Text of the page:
This tragedy, and the government’s subsequent act of erasure, galvanized Ai, who mobilized an investigation into the coverup. His work with other activists ultimately yielded the names and other vital details of 5,197 schoolchildren who had perished in the quake and “disappeared” from public record. At Haines, each twisted rod of carefully carved marble rests atop a wooden platform resembling a small coffin, transforming the wreckage of poorly built schools into an affecting memorial for those who died as a result.
     
  • "You could call the installation a memorial, but it’s really an indictment, the moral and aesthetic contours of which are made clear by the glaring contrast between the exquisite craftsmanship of the sculptural elements and the slipshod construction of the schools that collapsed: evidence, according to Ai, of the corruption at the heart of the regime he so vehemently opposes."


    - David M. Roth, Squarecylinder
    • Ai Weiwei Marble Rebar, 2014 Marble and wood box 3.5 x 26 x 22 inches Box: 12 x 46 x 26 inches
      Ai Weiwei
      Marble Rebar, 2014
      Marble and wood box
      3.5 x 26 x 22 inches
      Box: 12 x 46 x 26 inches
    • Ai Weiwei Marble Rebar, 2014 Marble and wood box 5.5 x 31.5 x 13 inches Box: 14 x 41 x 33 inches
      Ai Weiwei
      Marble Rebar, 2014
      Marble and wood box
      5.5 x 31.5 x 13 inches
      Box: 14 x 41 x 33 inches
  • Persecuted for his ongoing efforts to shed light on such corruption and human rights abuses, Ai was brutally beaten by police and ultimately disappeared—taken into extrajudicial custody by the Chinese authorities for 81 days, leaving the world and his loved ones to wonder about his whereabouts and safety. Following massive public outcry for Ai’s release, in the summer of 2011 the artist found himself free from imprisonment, but stripped of his passport and the subject of constant surveillance. The Lantern (2014) is a testament to Ai’s mocking response to the video cameras that once surrounded his Beijing studio, which he defiantly festooned with red paper lanterns, traditionally associated with festivals. The exquisitely carved form appears to blow in the wind despite its marble girth, as if free from the oppression of gravity.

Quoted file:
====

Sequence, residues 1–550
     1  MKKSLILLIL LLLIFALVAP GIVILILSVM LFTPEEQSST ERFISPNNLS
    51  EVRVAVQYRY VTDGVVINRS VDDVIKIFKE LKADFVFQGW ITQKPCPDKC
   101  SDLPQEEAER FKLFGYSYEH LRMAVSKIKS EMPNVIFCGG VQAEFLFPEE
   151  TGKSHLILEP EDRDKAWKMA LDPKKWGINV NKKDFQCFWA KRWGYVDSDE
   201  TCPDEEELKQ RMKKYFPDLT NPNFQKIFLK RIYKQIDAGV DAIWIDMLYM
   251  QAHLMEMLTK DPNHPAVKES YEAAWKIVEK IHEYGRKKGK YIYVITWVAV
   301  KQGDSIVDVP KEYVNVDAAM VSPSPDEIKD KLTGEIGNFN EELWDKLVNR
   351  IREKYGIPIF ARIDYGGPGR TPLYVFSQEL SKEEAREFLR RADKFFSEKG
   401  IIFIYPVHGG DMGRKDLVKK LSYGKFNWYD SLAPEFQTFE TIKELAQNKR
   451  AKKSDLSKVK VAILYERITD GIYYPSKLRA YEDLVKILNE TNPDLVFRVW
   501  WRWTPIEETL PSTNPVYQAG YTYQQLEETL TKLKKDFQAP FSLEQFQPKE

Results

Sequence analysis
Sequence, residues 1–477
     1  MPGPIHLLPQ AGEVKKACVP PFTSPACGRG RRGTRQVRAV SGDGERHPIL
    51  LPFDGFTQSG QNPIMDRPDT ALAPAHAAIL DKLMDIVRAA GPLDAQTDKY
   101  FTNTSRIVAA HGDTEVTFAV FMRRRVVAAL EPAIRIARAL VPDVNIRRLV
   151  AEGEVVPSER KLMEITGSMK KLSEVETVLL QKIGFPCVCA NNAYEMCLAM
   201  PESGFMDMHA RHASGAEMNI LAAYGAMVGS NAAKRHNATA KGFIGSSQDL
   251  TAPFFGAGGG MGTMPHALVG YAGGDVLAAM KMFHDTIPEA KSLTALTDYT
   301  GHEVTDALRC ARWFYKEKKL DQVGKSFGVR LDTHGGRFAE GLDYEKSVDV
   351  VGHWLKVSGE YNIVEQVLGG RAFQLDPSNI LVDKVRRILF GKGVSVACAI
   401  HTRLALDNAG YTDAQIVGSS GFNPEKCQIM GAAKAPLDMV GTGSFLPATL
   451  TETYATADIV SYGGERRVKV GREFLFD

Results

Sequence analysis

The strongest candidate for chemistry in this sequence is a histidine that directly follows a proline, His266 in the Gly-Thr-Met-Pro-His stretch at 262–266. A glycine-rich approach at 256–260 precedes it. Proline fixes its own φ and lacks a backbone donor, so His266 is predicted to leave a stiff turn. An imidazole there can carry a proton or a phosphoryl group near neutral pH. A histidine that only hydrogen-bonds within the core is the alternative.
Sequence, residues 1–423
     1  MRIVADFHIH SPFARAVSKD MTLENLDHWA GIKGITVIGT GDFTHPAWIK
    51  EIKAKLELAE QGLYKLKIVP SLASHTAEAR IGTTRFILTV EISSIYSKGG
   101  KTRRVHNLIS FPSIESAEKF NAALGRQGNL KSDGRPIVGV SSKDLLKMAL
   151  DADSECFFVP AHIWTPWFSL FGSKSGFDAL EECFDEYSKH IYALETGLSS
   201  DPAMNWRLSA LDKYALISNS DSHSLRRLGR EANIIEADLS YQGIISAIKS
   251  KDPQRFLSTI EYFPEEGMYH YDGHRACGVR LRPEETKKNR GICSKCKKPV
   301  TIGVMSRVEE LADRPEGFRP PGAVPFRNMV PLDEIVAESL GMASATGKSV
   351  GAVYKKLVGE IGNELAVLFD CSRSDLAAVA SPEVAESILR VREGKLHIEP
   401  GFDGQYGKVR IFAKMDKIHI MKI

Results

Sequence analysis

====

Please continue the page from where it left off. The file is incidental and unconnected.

• Nearby, the Ceiling Lamp with Stars (2014) represents a light fixture common in Communist China during the 1950s and 60s....
    Ai Weiwei

    Ceiling Lamp with Stars, 2014
    Marble
    17 x 17 x 12 inches

    Nearby, the Ceiling Lamp with Stars (2014) represents a light fixture common in Communist China during the 1950s and 60s. Adorned with five-pointed stars, the marble sculpture is a symbol of the Communist Party, and speaks to an era of Soviet-inspired modernity—a bygone utopia whose legacy is still strongly felt today.

    Throughout the exhibition, a surprising play of materials and forms, the monumental and the mundane, invites audiences to question authority and the construction of our shared histories. Talking about the role of the individual in relation to those in power, Ai explains: “I call on people to be ‘obsessed citizens,’ forever questioning and asking for accountability. That’s the only chance we have today of a healthy and happy life.” 
     

  • Additionally Available

    • Ai Weiwei Colored Vases, 2014 Han Dynasty vases (206 BC– 220 AD) and industrial paint 3 vases, dimensions variable
      Ai Weiwei
      Colored Vases, 2014
      Han Dynasty vases (206 BC– 220 AD) and industrial paint
      3 vases, dimensions variable
    • Ai Weiwei Watermelon, 2006 Porcelain 15 x 15 x 15 inches
      Ai Weiwei
      Watermelon, 2006
      Porcelain
      15 x 15 x 15 inches
    • Ai Weiwei Handcuffs, 2012 Wood 16 x 5 x 1 inches
      Ai Weiwei
      Handcuffs, 2012
      Wood
      16 x 5 x 1 inches

  • AI WEIWEI, b. 1957, China | Lives and works in Portugal
    Ai Weiwei, Self-Portrait in LEGO bricks

    AI WEIWEI

    b. 1957, China | Lives and works in Portugal
    Ai Weiwei is among the world’s most acclaimed contemporary artists, and an outspoken champion of human rights. His wide-ranging practice extends across multiple disciplines, using exhibitions, public installations, documentary films, and social media to communicate with a global public. His work has been exhibited in and collected by major international institutions, including the Asia Society Museum, New York, NY; Brooklyn Museum, NY; Centre Pompidou, Paris, France; Fundação de Serralves, Porto, Portugal; Guggenheim Museum, New York, NY; Hirshhorn Museum and Sculpture Garden, Washington, D.C; Los Angeles County Museum of Art, CA; Minneapolis Institute of Art, MN; Mori Art Museum, Tokyo, Japan; Museum of Modern Art, New York, NY; Royal Academy of Arts, London, UK; San Francisco Museum of Modern Art, CA; and Tate Modern, London, UK.

    Explore more works by Ai Weiwei
  • Installation views of Ai Weiwei: Everyday Monuments at Haines Gallery, San Francisco, CA; photo: Robert Divers Herrick
    Installation view of Ai Weiwei, Trace, 2014 in @Large: Ai Weiwei on Alcatraz; photo: Robert Divers Herrick
    Lantern and surveillance camera; photo: David Gray / Reuters, via NBC News